Dive Bomber (Warner Bros.) (1941)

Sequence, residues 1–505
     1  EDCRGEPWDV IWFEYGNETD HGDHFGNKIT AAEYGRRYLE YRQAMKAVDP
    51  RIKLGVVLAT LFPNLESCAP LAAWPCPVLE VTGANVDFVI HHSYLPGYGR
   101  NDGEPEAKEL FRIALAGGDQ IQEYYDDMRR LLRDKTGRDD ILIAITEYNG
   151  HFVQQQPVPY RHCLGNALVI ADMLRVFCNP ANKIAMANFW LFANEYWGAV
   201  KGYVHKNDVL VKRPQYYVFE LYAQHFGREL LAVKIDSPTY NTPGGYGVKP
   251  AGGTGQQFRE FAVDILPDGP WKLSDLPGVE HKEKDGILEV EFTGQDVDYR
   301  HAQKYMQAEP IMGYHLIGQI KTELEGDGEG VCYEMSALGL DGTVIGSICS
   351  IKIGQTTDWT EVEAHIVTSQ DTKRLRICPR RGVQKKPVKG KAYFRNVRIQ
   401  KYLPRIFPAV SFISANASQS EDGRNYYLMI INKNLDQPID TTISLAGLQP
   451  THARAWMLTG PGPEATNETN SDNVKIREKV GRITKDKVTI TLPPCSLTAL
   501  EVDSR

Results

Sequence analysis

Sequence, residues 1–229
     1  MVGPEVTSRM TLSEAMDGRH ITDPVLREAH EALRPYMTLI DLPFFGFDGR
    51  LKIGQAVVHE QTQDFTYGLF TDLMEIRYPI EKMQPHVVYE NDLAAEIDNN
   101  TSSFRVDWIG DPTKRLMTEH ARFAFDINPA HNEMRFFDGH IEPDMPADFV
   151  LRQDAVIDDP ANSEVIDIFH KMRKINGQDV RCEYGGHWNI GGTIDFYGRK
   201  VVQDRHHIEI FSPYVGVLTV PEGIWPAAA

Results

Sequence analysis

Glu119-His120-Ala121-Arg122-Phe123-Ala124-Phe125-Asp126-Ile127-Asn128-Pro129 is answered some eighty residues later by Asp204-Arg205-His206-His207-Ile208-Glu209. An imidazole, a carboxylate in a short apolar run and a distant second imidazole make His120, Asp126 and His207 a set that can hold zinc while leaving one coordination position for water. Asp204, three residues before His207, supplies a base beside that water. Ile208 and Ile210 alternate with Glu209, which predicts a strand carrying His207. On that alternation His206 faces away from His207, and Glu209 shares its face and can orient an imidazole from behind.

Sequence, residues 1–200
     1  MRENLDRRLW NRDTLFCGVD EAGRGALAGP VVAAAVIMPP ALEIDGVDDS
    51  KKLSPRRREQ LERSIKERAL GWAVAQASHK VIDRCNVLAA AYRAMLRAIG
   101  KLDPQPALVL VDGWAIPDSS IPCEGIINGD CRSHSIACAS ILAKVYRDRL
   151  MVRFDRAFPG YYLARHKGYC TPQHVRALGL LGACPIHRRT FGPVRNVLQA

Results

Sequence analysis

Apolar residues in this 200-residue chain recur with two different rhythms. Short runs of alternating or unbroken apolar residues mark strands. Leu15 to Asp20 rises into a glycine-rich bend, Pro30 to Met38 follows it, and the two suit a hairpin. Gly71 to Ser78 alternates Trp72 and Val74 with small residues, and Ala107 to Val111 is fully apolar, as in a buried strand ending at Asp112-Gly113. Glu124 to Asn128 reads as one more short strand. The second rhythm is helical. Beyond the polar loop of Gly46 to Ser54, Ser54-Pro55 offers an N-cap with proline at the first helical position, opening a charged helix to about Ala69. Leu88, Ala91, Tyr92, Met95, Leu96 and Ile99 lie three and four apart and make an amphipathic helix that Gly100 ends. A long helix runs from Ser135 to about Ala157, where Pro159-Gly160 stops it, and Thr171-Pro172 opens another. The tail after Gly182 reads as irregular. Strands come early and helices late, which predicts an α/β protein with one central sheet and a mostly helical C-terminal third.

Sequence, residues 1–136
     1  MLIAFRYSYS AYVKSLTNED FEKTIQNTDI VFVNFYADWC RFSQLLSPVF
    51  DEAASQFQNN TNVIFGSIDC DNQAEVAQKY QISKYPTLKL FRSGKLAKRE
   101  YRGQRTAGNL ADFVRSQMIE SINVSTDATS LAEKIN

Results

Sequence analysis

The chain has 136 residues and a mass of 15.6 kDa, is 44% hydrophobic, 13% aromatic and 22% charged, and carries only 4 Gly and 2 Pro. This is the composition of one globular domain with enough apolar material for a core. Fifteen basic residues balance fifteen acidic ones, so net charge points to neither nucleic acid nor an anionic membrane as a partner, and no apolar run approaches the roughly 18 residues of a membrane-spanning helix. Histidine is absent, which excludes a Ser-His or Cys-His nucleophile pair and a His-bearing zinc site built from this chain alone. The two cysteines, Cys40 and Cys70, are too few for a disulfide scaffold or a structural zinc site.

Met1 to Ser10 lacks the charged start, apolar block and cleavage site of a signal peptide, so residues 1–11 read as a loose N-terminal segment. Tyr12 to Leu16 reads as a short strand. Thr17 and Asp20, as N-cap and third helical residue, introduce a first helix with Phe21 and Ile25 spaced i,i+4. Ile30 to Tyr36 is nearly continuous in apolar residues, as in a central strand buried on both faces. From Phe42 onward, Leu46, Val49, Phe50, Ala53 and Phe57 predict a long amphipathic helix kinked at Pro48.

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PUBLICITY—DIVE BOMBER’ Still DB 169; Mat 207—30c DRAMA IN THE SKIES—Errol Flynn and Fred MacMurray in an exciting test flight scene from the Strand's new picture, "Dive Bomber," the thrill-a-second flight drama, filmed in Technicolor. ‘Dive Bomber’ Opening At Epic of the Air ““ *"” Every type of fighting and observation plane used by the United States Navy, including the newest super-bombers and fastest pursuit and interceptor planes off the assembly lines, were used in filming the new picture opening at the Strand today — Warner Bros. “Dive Bomber,” all-in-color special in which Errol Flynn and Fred MacMurray are co-starred. But what is more important from the Navy standpoint is that the entire picture was filmed without interruption of any training or flight routine necessary under the current emergency defense program. To see that this was so, and also to see that Warner Bros. got every possible help, official Washington assigned Commander J. R. Poppen and Commander Seth Warren, U. S. N., to work with director Michael Curtiz and the company in filming “Dive Bomber,” parts of which were made in Pensacola and at Pearl Harbor, in addition to those scenes made at the San Diego base. The cast, in addition to Flynn and MacMurray, includes Ralph Bellamy, Regis Toomey, Robert Armstrong, Allen Jenkins, Herbert Anderson, Craig Stevens and a score of other young leading men in minor cadet and pilot roles. Only woman in the cast is the startlingly lovely Alexis Smith who appears briefly but memorably to stir up a little trouble between Flynn and MacMurray. Real stars of the air epic are the planes themselves, and the big ships that serve them. Many of the scenes were made aboard one of the larger plane carriers, the Enterprise, which happened to be stationed at San Diego while the Warner Bros. company was on location there. Strictest rules governed all members of the film troupe while at the base. Members of the cast and crew, without exception, had to wear special photographic identification badges at all times, carry California automobile drivers’ licenses (which bear finger prints of the licencee), and stay within the area in which the company was working for the day. Warner Bros. studio location aides, under veteran Bill Guthrie, one-time federal “G Man,” say that the “Dive Bomber” location presented them problems they had never before en countered in their long and varied experience. One great headache came from providing adequate living quarters for the 150 members of the company, which was unusually large. Accomodations finally were arranged at the Del Coronado and two other hotels nearby. Flynn himself lived aboard his yacht, the Sirdcco, on which he sailed to San Diego several days before the picture’s start. Still DB 6; Mat 201—30c NAVY'S AIR ARM is shown in all its glory and strength in "Dive Bomber," opening at the Strand today. Shown in this hanger scene are Robert Armstrong, Ralph Bellamy, Errol Flynn and Fred MacMurray. 18 (REVIEW) Dive Bomber’ At Strand Is Glorious Saga of U. S. Navy's Super Pilots Errol Flynn and Fred MacMurray Head Brilliant Cast In Thrilling New Technicolor Flight Picture There's something thrilling in the air, and Warner Bros. have dramatized it, photographed it in wonderfully natural Technicolor, and served it up under the title of “Dive Bomber,” with two of the screen’s most dashing heroes, Errol Flynn and Fred MacMurray for its costars. Made with the cooperation of the United States Navy, “Dive Bomber,’ which opened last night at the Strand, is the most gloriously exciting air drama the screen has yet given us. The super-pilots who. fly Uncle Sam’s super-planes, the dive bombers, are the heroes of this epic of the skyways, and theirs is a thrill-a-second drama. The tremendously high altitude, the terrific rate of speed at which they descend upon their targets makes dive-bombing the most hazardous type of flying. The main theme of the story is the work being done by the flight surgeons to lessen the physical hazards to the dive bomber pilots. Flynn is seen in the picture as one of these flight surgeons who is out to overcome pilot fatigue, and develops a flying suit, similar to those used by deep-sea divers, to relieve the pressure of high flying and dive bombing. MacMurray plays a seasoned pilot, who at first scoffs at the work Flynn is doing, but soon sees the importance of it and eventually makes the test flight that proves its worth. The personal rivalry be DOUBLE TALK KING AND JENKINS SUPPLY HUMOR IN AIR FILM A motion picture studio gets double its money’s worth when it hires Cliff Nazarro. He’s the double-talk king of the talkies. His specialty is saying nothing twice as fast as people who talk and make sense. It’s a profitable racket. He just fmished “Dive Bomber” with Errol Flynn and Fred MacMurray and then went to Paramount for what he hopes will be a four week chore. In “Dive Bomber” Nazarro has several comedy scenes with Allen Jenkins. You’d hardly expect them to be serious, would you? Nazarro readily explains his technique of double-talk. Don’t talk too fast, just mix up a lot of familiar syllables, and now and then drop in intelligible words or phrases that will give the listener the impression that his hearing is at fault, that the speaker is making sense. Nazarro illustrates: _ “A fellow says to you, ‘I’m afraid my girl is going to leave me for another guy. What had I better do about it?’ So you say to him... .” “Well you just cabba on the ipswitch with a subway kipplepeak. She’ll like that. Thentha gibble deck’ll make her sadsa flicker flack and the other guy’ll doggle switch to Saratoga basatab. Then you sick a gimble, passa moba boy scout with a thimble gig and after that everything’! be all right.”’ Get it? * tween the two men is played up in a well-handled romantic episode which features Alexis Smith, a beautiful screen newcomer whose dramatic talents and photogenic qualities makes her excellent star material. The strong supporting cast includes the capable Ralph Bellamy in the first serious role he has played recently. Regis Toomey, whose splendid job in “Meet John Doe” won such wide praise is extremely well cast as a pilot to whom flying is more important that life itself. Allen Jenkins and Cliff Nazarro, (he of the double-tongue) inject a bright note of comedy, and Robert Armstrong, Craig Stevens, Moroni Olsen, Herbert Anderson and Louis Jean Heydt round out one of the year’s finest supporting casts. A better selection of stars for the two top roles cannot well be imagined. Flynn’s performance combines the reckless daring which has made him such a wide favorite with a depth and maturity that lends credence to his role of surgeon. MacMurray, natural as always, is completely at home in his pilot’s garb and the hard-bitten cynicism of the seasoned flyer. Direction laurels again go to Michael Curtiz who proves that he is just as adept at getting action in the skies as he has been in getting it on land and sea with such pictures as “The Charge of the Light Brigade,” “Adventures of Robin Hood,” “Santa Fe Trail’ and “The Sea Hawk.” The cooperation of the U. S. Navy on the filming of “Dive Bomber” gave him the opportunity to use navy planes and airplane carriers as_ well as the buildings and equipment at the San Diego Naval Base as background for the picture. The result is a completely realistic and authentic movie with the most breath-taking aerial photography the screen has ever presented. Frank Wead’s original story, which he adapted for the screen in collaboration with Robert Buckner is strong dramatic material, closely-knit, building steadily and surely to its powerful climax. Max Steiner’s musical score is brilliant. Just as the Navy’s dive bombers fill the sky with America’s glory, the picture “Dive Bomber” fills the screen with thrills. Flynn Stars as Flight Still DB 394; Mat 206—30c Errol Flynn plays the role of a flight surgeon who makes his own test flights to find a cure for "pilot black-out" in the new air drama, “Dive Bomber.” How is the I.Q. of your heart? Flight surgeons of the United States Navy can tell you. They are a small handful of specialists as far in advance of their professional field today as the Lockheed stratosphere interceptor plane is an advance over the model T Ford automobile. The duty and effort of the modern flight surgeon is to keep miltary and naval fliers in the air. They fail in their job when an aviator has to be grounded because he no longer is mentally or physically capable of flying a plane. This, then, is the dramatic premise of the Strand’s next feature attraction, “Dive Bomber,” in which Errol Flynn and Fred MacMurray are co-starred, and in which Flynn is a naval doctor specializing in Schneider tests, high altitude sickness, chronic flier fatigue and the dread black-out that bomber pilots suffer when they pull out of a dive. The Schneider tests, standard with the United States Navy, and named after the man who evolved them, establish the norm that tells the I.Q. of your heart. And other things. If your pulse rate while you recline is somewhere between one to 18 beats per minute, yow’re still pretty good. But if, 50 and 70 beats to the minute, you’re still good. But if, after after standing, it jumps 35 or 40 beats, you rate a zero, and if it does worse than that, you rate a minus three. There, about as simply as it can be stated, is one of the principal controls of the flight surgeon’s check. One of the great specialists in this field, which must be called new, is Commander J. R. Poppen, medical corps U.S. N., who was assigned by the Navy department to watch technical details of “Dive Bomber.”